deploy will perform a fresh build of your theme and replace any existing files with a complete new set of your theme files on the server.
migrate will convert an existing Shopify theme to work with Slate (make sure you have a copy of your exisitng theme before running this command as it will alter the file structure).
theme will generate a new blank Slate theme scaffold.
To configure Slate we will first need to create a private app for our store and then set up a config file in our theme. The steps are outlined below:
- Set Up a Private Application - In the Shopify Admin navigate to Apps and click Private Apps and then make a new Private App.
- Name your new app ( I like to call it slate for reference)
- Update the default permissions for your private app. Automatically these will be set to No Access or Read Access. I like to switch them to read / write for all available categories.
- Once the Private App is successfully created you will be given all of the information you will need to authenticate your local slate config against your online store.
- Create the Config File - Next we are going to add a config file to your local theme folder. In the root folder of your theme create a new file called config.yml. Once the file is saved include the following:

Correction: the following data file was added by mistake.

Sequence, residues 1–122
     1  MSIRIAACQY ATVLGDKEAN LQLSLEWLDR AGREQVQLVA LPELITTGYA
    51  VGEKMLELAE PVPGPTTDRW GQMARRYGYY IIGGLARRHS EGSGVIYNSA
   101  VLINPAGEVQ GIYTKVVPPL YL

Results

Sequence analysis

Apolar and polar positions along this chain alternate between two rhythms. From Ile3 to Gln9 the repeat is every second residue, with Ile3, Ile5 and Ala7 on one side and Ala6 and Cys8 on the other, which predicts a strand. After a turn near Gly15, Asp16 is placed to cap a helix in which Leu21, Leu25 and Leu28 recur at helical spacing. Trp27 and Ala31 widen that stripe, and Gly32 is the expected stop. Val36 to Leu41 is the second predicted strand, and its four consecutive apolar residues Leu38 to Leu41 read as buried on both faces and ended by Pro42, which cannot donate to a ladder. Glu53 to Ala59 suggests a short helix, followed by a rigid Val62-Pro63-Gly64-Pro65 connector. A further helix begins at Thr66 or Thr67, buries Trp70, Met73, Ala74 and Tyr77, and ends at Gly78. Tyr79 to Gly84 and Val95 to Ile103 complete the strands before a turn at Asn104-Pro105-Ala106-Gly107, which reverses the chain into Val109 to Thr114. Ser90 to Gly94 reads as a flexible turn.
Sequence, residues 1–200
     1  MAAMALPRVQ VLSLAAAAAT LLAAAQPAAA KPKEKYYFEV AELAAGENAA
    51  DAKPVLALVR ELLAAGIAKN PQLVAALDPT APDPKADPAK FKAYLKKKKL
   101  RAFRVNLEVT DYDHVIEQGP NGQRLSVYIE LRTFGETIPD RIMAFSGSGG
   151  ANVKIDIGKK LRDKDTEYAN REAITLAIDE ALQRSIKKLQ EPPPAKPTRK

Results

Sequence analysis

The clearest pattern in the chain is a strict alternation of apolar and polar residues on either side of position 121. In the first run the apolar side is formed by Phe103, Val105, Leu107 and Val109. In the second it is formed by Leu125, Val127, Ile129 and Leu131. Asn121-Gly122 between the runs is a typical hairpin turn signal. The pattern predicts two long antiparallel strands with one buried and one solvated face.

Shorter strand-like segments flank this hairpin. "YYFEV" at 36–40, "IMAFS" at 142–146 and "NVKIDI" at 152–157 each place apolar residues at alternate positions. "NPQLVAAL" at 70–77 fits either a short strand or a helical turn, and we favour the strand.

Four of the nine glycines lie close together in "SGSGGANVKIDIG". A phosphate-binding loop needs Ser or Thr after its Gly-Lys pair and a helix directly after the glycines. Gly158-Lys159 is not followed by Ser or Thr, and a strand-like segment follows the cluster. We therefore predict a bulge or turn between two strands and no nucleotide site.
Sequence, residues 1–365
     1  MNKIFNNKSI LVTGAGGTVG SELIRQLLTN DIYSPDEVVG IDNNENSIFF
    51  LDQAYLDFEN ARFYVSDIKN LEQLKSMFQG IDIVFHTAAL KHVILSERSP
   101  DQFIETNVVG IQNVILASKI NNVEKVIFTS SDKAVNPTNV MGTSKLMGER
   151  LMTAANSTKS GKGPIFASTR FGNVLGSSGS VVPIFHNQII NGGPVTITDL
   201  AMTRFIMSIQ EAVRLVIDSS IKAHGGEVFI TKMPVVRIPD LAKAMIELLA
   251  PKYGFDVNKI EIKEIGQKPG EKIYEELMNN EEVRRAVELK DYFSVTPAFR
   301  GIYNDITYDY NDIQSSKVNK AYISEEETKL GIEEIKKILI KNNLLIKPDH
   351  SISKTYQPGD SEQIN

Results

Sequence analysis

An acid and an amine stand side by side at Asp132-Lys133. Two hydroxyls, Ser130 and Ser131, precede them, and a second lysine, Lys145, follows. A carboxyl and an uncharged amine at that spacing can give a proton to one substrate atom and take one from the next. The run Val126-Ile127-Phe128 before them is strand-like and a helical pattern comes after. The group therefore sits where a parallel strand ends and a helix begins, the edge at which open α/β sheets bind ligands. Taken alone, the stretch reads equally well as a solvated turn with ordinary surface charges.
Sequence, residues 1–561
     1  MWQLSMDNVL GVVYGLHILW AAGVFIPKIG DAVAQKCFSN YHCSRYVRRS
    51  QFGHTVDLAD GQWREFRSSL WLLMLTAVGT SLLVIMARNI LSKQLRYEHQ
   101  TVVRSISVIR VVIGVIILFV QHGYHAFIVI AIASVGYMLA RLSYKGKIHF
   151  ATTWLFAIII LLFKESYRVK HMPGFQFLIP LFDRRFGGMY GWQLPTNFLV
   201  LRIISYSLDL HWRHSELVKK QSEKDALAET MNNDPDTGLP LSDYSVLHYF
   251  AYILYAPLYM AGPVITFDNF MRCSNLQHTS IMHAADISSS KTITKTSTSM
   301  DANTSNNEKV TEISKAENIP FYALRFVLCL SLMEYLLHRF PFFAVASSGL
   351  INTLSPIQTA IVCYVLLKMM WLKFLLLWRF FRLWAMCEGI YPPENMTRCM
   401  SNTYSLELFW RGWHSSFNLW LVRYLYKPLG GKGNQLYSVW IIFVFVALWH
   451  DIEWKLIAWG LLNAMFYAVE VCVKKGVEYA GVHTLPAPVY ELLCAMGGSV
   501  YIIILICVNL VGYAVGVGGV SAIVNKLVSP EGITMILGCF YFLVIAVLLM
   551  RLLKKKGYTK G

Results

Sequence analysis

development: password: [password_from_your_private_app] theme_id: live store: [your_store_name].myshopify.com ignore_files:
where the password is the password from your private app and the store is the domain for your dev store without the https://. We are also going to set the theme_id to
live to indicate that we are editing the published theme on the store. You could equally set the id for an individual theme that can be found at the end of the url when you are editing that theme.
Test it out - Still in the root directory of your theme run
This command will run a build, deploy, and watch.This will also open up a browser with Browsersync running, likely on http://localhost:3000.
If your store is still password protected, you will be directed to the password page for the store. You can access the store and theme by entering in the password found in the Admin panel under online store > preferences.
Try making a change to one of your theme files. We will go over the file structure of a basic Shopify theme a little later, but for now under Layout open theme.liquid and add a string of of text right below the opening body tag. Checkout your store in the browser and make sure your test string shows up. Now you should be all ready to get started with local Shopify development, no need to venture into the world of the online editor again 🙌